This desiring grew each day. It became almost an obsession. Then, near the end of our vacation, when we returned to our home near the coast, I found myself having to cope with something new: anger. 
I was getting peeved over small events that normally don’t even raise a ripple in the waters of my mind. I usually take in stride little things like being cut off on the freeway by an inattentive driver. Now it was enough to tick me off. I found myself taking offense  and even colorfully expressing my displeasure loudly enough for my daughter to hear. This is quite unlike me.
In the last hours of our family vacation, I began to get peeved even at members of my family!
Finally, I suspected that my heightening greed and anger might be the result of this experiment with meditation-free living. I was amazed that my discernment had been so severely impaired. 
My experiment was done. The day after my daughter flew home I resumed my practice. I got up early and sat. After a good long sit, I decided to listen to non-human wisdom, the kind you find on rivers. 
I went out paddling alone to listen to the trees, to the birds and to the murmuring waters. Their sagacity seeped slowly in. Afflictive mental factors unwound backwards, like a skein of yarn stretching out into space. Anger cooled and mellowed back towards equanimity. Family, of all people, are to be loved.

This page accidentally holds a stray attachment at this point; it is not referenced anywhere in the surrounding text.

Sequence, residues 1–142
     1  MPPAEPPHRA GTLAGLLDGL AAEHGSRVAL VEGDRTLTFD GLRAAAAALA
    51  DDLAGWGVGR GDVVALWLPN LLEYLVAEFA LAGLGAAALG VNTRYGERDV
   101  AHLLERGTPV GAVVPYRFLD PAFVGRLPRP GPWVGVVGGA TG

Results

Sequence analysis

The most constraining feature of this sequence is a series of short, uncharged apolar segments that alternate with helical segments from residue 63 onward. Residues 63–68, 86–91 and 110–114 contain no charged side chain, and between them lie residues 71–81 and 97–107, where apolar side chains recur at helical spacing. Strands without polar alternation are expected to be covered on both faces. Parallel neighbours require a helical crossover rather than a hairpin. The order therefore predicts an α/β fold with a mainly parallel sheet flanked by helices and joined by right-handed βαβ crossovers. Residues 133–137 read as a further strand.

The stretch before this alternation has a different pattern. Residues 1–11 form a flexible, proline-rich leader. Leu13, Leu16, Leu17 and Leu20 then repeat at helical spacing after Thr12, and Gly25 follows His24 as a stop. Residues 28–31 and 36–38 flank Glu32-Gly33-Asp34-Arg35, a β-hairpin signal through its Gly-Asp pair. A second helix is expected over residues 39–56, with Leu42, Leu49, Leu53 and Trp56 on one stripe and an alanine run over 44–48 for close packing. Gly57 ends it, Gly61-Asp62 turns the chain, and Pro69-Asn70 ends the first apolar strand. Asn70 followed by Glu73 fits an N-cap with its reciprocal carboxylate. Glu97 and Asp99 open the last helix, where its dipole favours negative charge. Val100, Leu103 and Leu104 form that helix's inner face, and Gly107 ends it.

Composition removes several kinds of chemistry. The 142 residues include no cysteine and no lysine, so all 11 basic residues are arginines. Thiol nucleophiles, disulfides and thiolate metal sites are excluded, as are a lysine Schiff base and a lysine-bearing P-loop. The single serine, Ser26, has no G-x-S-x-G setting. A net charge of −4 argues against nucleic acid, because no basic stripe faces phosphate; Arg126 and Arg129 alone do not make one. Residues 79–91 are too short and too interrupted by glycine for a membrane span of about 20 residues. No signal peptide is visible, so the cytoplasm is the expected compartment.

Greedy mind loosened its tight bind on my mind. I knew I was satisfied with what I already have. My problem is that I have too many possessions! To release my belongings, to pare down, down and down some more—this is the way to approach fulfillment.
I could breathe again.  
Refreshed by my breath, my mind could relax and broaden. I could feel the truest truth: inhalations and exhalations—the simplest, deepest, and most vital of all pleasures between being born and dying.